Drive-in movie theaters are not extinct. In fact, in some places there are making a comeback. Find out if there is one near you at

Pink or Blue - Cupcake Clues

June 3, 2012

Yesterday my daughter and son-in-law hosted a party for parents and siblings. Kristen is about halfway through her pregnancy with their second child and the purpose of the party was to reveal the gender of our forthcoming grandchild due in October.

Tension was high. We were all anxious to know if Jacob would have a little brother or sister. He's two and a half, so you can't get a straight answer out of him, even if he did know in advance. "Jacob, are you going to have a sister or a brother?" "Brother?", he'd mimic back. "Is it a brother or a sister, Jacob?" "Sistuh?".

Pink cupcake tells us it's a girl!Anyway, it was cute and clever how Kristen and Nathan disclosed the news. We all got a cupcake and were instructed to bite into it at the same time. Inside was frosting - either blue or pink - to reveal the closely guarded secret they'd known since Thursday.

"It's pink! Hurray! A baby girl!" We are excited and feeling blessed. Of course, another boy would have been wonderful, too. But having both a boy and a girl is special. What a fun evening for all.

Multi Generational Tattoo

June 1, 2012

Back in 1991 I was taking a freelance writing course in an attempt to jumpstart some writing work. One of the articles I worked on as a course assignment was about the growing numbers of people getting tattoos and piercings. I wrote the article and my instructor gave me some good feedback to make it stronger. But I never submitted the article. Why? Well, I thought interest in this type of body art had already peaked. Boy was I wrong!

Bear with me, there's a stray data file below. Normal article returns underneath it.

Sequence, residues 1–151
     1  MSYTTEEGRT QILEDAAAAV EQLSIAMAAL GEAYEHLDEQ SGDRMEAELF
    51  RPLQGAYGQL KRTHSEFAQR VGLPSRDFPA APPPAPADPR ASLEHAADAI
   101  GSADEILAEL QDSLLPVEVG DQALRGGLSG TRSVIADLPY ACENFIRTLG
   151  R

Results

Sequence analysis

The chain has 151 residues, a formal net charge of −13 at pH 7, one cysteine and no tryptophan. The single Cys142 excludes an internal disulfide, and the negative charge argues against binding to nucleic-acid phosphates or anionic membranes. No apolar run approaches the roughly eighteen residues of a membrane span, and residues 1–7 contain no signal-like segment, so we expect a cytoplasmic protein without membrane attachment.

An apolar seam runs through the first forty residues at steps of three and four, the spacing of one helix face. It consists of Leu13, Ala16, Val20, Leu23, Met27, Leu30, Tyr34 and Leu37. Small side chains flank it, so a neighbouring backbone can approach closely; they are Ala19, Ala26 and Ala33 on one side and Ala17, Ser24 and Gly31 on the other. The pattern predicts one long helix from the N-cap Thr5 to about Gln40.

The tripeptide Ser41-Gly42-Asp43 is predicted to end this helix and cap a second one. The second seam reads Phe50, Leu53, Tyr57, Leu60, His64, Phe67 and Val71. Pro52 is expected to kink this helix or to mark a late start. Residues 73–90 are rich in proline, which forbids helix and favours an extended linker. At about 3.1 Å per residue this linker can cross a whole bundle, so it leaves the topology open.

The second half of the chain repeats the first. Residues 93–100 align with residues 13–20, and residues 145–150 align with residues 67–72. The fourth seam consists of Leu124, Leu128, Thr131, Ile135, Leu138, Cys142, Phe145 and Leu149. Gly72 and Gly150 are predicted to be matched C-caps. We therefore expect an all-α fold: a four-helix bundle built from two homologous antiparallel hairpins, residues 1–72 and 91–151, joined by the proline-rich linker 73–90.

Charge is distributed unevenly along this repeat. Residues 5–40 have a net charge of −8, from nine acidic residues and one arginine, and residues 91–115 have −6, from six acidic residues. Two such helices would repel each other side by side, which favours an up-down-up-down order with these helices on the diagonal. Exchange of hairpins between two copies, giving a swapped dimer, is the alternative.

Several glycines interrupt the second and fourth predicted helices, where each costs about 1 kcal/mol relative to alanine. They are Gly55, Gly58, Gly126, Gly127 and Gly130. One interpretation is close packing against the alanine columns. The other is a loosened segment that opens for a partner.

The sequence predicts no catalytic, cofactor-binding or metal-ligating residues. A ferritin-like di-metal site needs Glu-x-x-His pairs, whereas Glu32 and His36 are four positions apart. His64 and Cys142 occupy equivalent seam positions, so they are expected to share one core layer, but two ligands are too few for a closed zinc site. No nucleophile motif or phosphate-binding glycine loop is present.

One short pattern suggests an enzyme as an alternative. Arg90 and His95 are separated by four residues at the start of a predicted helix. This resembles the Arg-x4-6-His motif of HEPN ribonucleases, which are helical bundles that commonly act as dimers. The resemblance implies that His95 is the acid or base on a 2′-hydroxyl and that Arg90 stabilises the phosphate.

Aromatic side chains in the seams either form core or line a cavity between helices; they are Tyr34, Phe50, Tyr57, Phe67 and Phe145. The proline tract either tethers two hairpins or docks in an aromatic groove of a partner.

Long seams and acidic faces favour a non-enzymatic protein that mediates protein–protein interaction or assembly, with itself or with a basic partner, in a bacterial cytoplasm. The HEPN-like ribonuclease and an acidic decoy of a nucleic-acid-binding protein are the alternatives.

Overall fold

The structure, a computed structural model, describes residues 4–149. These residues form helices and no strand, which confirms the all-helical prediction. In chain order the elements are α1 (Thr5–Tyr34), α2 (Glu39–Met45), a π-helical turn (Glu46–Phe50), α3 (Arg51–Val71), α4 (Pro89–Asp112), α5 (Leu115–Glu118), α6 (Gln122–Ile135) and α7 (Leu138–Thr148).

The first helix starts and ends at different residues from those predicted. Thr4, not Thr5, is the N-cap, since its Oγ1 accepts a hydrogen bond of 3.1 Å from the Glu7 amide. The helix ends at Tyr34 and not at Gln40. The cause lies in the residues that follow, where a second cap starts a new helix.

It seems just about anybody and everybody will get a tattoo. All kinds of tats for all kinds of people. Most do it for reasons of self expression. But what if they were connecting themselves in some way? Certainly that has been the case for many in the military. Same for fraternities, sororities and various social groups. Yesterday (thanks to a post on Twitter by LegacyKeepers) I came across a story AARP ran about 3 generations of women in the same family getting the same tattoo. My Grandma's Tattoo is an intriguing tale of how sisters and their grandmother who are spread out around the world found a way to stay connected. The short video the Harple family had made to document this was awarded Best Video Program Online at the 2011 min Editorial and Design Awards in New York  - more here.